For many of us, the morning is a time for reflection. It’s a time to meditate on what’s been going on over the past few days, what you’re going to do throughout the workday, and where you’re going in the future. It’s easy to go through the motions of the daily routine and miss those key opportunities for self-examination, but if you don’t take the time to ask yourself critical questions about your career, you could end up continuing in a bad direction or get stuck in a rut.
Finding the right questions to ask is also tough, but I’ve found that these five can help you evaluate exactly where you are, exactly where you want to go, and how you’re going to get there:
1. What Did I Learn From Yesterday? No matter how simple or complex your day was, you must have learned something. Did you master a new skill or learn a new process? Did you find something out about your organization that leads you to better understand your position within it? Did you have an experience that will help you in future, similar situations? Find at least one thing that you learned from the previous day and consider it.
On one level, this is going to help you reinforce the new ideas and skills that come to you on a daily basis. On another level, it’s going to help you look for new opportunities to learn. Since you know you’ll be asking yourself this question, you’ll be driven to force yourself to learn something new every day, and you’ll therefore be improving yourself every day.
2. What Is My Goal for Today? You might already have a task list set out, or an inflexible schedule that you’ll no doubt adhere to, but even in cases when you have a solid plan in place, it’s worth setting one main goal to take precedence over all of it. Is your goal to get all the “A”-level priorities on your task list accomplished? Is it to finish your work by 5:30? Is it to complete a report by the end of the day?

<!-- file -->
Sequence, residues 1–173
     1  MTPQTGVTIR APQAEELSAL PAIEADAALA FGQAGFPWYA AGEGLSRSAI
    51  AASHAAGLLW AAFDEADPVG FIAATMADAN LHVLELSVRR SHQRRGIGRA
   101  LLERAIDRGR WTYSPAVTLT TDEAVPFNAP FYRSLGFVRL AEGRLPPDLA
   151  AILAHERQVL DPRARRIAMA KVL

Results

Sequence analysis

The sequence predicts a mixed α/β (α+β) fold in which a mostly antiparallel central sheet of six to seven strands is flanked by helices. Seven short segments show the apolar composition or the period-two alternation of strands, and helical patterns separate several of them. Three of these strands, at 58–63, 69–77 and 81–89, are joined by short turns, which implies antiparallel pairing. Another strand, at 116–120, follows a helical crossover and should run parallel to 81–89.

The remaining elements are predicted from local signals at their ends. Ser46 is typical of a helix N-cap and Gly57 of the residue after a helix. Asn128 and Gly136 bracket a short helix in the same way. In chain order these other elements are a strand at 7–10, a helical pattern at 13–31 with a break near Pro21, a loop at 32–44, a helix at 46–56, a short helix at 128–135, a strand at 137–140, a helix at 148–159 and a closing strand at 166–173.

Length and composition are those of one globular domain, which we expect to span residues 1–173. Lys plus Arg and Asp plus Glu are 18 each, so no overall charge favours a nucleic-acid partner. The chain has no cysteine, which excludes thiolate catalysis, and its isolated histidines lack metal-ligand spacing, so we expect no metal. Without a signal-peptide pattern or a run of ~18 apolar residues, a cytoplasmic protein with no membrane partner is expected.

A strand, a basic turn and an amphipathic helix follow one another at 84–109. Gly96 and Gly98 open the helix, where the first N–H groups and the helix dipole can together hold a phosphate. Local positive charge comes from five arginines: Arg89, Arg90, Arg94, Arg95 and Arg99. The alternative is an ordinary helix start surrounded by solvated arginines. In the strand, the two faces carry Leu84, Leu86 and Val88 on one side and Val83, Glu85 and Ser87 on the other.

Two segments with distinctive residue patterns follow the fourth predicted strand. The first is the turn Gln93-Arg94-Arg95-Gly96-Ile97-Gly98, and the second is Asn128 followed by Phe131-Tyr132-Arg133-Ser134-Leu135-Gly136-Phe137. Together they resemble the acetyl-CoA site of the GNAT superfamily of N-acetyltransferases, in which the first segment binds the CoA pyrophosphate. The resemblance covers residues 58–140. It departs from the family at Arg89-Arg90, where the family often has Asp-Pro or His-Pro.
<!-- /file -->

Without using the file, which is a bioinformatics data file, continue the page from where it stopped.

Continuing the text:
Setting a goal helps give you direction, and gives you perspective for all your other tasks; when one goal takes priority over all the others, you’ll be less stressed about the fine details. But this question also has a secondary effect: it forces you to evaluate what’s really important in your position, which serves as the perfect lead-in to the next question.
3. Do I Like Where I Am? This is the biggest question you’ll have to face in the morning, and it’s also the most important. Happiness in a job is dependent on a number of factors, and you’ll have to carefully consider all of them. Do you like your responsibilities? Are you excited to go to work? Do your tasks fit your skillset? Are you paid enough? Do you like the company culture? Do you get along with your boss and your coworkers?
There are many questions that can help you figure this out, but the final answer will come from within. When you separate out your temporary feelings — like feeling frustrated about a current assignment — how do you feel about your position? If you don’t like it, you know all that matters is the next step. If you do like it, think about what could be better.
4. Where Do I Want to Be? The breadth of this question depends on your goals. Where you want to be can refer to what industry you want to work in, what level you’d like to be in your current company, or how much experience you’d like to have before you pull out and start a business on your own.
Visualize where you want to be — whether that’s in 5 years or 20. Think about what it would mean to you, and what strategies you’re going to use in order to get there. It will put your current job into perspective, help you hone in on the important experiences that will lead you to that destination, and keep your goals top-of-mind.
5. What Can I Do Today to Get Closer? If your ultimate goal is a big one, there may already be a long, clear path waiting for you. It could take years of experience and years of education before you can settle into that dream position, but even so, there are actions you can take today that will get you closer to it.
It doesn’t matter if it’s a tiny step or a big one; find something that can get you closer to that destination. It could be making a new contact, refining a core competency, having a conversation with your boss, or signing up for a new class. Establishing one action every day that will get you closer to your goal will eventually lead you in the right direction. It will also keep you focused on your grand vision, eliminating the distractions of your current job.
These questions won’t always be easy to answer, and they won’t always illustrate your situation in black and white. But over time, you’ll get a feel for their rhythm, you’ll learn to evaluate yourself objectively, and you’ll learn to form complex evaluations about your career that will help propel you forward. Stay consistent in your habits, and always push yourself to do more.